Integrating DevOps into the ITIL Orthodoxy
- Change management
- Service management
June 24, 2016 |
5 min read
- Change management
- Service management
For many years, I’ve felt that I’ve been the official ITIL® apologist in the DevOps community, because I’ve always believed that DevOps and ITIL should be able to peacefully coexist. But these days, I feel that a more activist role in the DevOps community is necessary - we must reach out and form effective bridges with the ITIL community, because ITIL is the most powerful and entrenched orthodoxy in large, complex IT organizations.
I use the word “orthodoxy” very deliberately, intending it to be merely a statement of fact, without any judgements. The Oxford dictionary defines orthodoxy as “an authorized or generally accepted theory, doctrine, or practice.”
This certainly sounds like ITIL to me! ITIL is the lingua franca of IT Operations and Service Management, with over three million certified IT professionals and many (if not most) Fortune 500 companies using it. At a minimum, ITIL is something that everyone in the DevOps community should be familiar with, if only to be able to form credible and mutually-respected relationships with those we need to work with. Also, as organizations born in the DevOps world are growing, there is a lot to learn from the experience and codified practices of the past 26 years - both in terms of what to do, and what not to do.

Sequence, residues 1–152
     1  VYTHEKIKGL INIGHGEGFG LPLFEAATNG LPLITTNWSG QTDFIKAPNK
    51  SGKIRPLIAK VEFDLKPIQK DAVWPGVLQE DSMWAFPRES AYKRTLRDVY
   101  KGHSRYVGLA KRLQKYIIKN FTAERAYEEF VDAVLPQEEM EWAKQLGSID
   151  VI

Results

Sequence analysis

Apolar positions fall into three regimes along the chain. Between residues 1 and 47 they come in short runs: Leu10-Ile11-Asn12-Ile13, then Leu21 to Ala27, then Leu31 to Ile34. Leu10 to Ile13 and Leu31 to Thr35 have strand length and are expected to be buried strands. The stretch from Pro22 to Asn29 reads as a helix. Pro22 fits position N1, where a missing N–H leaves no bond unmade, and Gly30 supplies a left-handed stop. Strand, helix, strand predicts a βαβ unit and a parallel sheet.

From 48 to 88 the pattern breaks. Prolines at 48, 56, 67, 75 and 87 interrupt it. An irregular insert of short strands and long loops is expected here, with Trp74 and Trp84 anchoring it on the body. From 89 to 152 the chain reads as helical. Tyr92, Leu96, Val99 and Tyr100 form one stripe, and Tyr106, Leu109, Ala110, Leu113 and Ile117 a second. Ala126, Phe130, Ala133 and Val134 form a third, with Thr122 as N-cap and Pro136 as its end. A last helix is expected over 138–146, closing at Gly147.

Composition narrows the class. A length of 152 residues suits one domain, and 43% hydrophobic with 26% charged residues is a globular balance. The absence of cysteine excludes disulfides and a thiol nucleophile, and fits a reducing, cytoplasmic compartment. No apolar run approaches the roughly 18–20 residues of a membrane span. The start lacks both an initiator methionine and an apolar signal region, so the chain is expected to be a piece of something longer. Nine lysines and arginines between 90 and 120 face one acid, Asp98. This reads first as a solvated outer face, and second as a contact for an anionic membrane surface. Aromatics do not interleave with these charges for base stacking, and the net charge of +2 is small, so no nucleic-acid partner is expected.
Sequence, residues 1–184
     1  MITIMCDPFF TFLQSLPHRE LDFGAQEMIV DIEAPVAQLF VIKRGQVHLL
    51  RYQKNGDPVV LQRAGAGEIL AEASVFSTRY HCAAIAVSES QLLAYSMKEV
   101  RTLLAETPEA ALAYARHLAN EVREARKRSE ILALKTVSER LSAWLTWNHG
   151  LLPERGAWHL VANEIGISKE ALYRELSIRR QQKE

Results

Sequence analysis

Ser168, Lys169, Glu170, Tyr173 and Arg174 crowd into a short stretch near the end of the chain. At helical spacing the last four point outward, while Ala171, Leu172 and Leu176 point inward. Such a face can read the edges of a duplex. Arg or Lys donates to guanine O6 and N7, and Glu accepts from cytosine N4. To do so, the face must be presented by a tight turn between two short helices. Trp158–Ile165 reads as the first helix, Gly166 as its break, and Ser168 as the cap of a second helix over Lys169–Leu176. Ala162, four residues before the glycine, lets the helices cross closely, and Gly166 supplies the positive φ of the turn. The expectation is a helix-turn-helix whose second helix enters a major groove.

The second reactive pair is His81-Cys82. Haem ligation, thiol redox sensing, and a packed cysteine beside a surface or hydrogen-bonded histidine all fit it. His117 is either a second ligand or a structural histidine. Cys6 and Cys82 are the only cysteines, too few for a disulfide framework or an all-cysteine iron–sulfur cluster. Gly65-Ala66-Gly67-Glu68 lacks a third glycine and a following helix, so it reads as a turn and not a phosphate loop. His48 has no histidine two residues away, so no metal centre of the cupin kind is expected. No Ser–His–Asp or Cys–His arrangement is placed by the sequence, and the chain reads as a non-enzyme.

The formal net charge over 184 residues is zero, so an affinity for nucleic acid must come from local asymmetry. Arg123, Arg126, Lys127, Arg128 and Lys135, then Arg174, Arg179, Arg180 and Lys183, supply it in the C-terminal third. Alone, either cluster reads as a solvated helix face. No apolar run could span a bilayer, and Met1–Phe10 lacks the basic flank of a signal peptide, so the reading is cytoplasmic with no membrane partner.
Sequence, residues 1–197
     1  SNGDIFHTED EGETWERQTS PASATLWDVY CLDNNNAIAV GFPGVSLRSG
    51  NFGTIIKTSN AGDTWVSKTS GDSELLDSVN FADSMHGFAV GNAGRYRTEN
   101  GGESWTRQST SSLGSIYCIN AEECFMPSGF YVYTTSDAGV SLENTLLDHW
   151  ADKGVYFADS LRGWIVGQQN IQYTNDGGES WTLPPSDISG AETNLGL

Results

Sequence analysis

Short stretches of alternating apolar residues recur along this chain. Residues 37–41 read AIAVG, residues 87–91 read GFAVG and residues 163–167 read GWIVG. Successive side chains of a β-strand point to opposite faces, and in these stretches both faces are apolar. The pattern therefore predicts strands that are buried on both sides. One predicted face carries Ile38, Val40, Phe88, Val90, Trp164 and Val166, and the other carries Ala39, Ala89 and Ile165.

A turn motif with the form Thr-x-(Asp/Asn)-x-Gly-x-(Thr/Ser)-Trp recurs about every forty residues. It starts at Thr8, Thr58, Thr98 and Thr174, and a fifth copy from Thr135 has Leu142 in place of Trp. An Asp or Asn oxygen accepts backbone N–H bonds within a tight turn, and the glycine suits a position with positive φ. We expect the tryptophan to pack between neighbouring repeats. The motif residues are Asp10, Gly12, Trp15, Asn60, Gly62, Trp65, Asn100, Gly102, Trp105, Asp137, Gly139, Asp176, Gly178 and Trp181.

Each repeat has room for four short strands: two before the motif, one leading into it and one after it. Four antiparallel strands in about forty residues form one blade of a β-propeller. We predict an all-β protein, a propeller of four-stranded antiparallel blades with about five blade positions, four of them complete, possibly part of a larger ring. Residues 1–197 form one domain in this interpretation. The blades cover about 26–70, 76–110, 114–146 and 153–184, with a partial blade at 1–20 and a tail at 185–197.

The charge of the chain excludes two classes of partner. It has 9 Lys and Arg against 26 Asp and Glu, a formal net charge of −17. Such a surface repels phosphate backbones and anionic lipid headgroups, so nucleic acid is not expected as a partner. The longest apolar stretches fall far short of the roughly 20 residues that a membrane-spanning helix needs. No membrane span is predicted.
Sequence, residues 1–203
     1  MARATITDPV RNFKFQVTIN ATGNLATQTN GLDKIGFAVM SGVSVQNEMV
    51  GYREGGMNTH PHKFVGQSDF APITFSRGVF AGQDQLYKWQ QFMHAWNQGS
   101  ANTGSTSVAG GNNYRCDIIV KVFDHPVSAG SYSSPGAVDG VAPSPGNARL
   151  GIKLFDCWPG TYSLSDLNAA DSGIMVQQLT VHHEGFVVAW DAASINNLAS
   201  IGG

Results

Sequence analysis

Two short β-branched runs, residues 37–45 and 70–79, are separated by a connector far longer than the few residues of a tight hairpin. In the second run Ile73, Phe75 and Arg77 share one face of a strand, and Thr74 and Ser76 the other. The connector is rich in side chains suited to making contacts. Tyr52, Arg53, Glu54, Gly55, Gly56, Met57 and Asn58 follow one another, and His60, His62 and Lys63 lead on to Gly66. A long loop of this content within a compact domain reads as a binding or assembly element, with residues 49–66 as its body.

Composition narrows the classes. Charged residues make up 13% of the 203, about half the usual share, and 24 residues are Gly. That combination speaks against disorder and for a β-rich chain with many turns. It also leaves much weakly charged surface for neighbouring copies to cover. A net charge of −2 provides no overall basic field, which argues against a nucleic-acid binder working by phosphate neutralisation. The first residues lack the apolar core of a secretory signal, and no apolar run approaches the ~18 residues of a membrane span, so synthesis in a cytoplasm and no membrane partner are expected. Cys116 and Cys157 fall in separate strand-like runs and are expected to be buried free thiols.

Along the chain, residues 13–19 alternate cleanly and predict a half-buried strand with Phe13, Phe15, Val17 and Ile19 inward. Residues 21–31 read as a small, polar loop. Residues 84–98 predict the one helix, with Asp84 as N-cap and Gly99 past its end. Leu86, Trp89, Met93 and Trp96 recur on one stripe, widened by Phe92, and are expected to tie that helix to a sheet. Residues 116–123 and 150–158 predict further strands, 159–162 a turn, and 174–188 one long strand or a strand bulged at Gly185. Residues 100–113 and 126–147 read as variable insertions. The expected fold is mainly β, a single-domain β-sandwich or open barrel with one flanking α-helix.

I’ll speak more specifically about some of the common challenges with how organizations interpret ITIL later in this article, but first, I want to describe my relationship with the ITIL community. My ITIL adventures started around 2001 with Kevin Behr (one of my fellow co-authors of The Phoenix Project: A Novel About IT, DevOps, and Helping Your Business Win). It provided a structure and a lens to study the practices of high-performing technology organizations. Hanging out with ITIL people was extremely rewarding, and I learned so much about continuous improvement in practice, it substantiated my belief that process and controls were important in order to achieve organizational outcomes. (As you might imagine, these beliefs would later become even further crystallized studying audit!).
You can get a glimpse of how I view the ITIL community in The Phoenix Project — the two characters that our protagonist Bill relies upon most are Patty and Wes. Wes is the Director of Distributed Technology, embodying the cowboy server admin culture, and Patty is the Director of IT Service Support, embodying many of the sensibilities of ITIL. I still love this description of them as the opposite poles:
Where Wes is loud, outspoken, and shoots from the hip, Patty is thoughtful, analytical, and a stickler for processes and procedures. Where Wes is large, combative, and sometimes even quarrelsome, Patty is elfin, logical, and level-headed. She has a reputation for loving processes more than people and is often in the position of trying to impose order on the chaos in IT. She’s the face of the entire IT organization. When things go wrong in IT, people call Patty. She’s our professional apologist, whether it’s services crashing, web pages taking too long to load, or, as in today’s case, missing or corrupted data.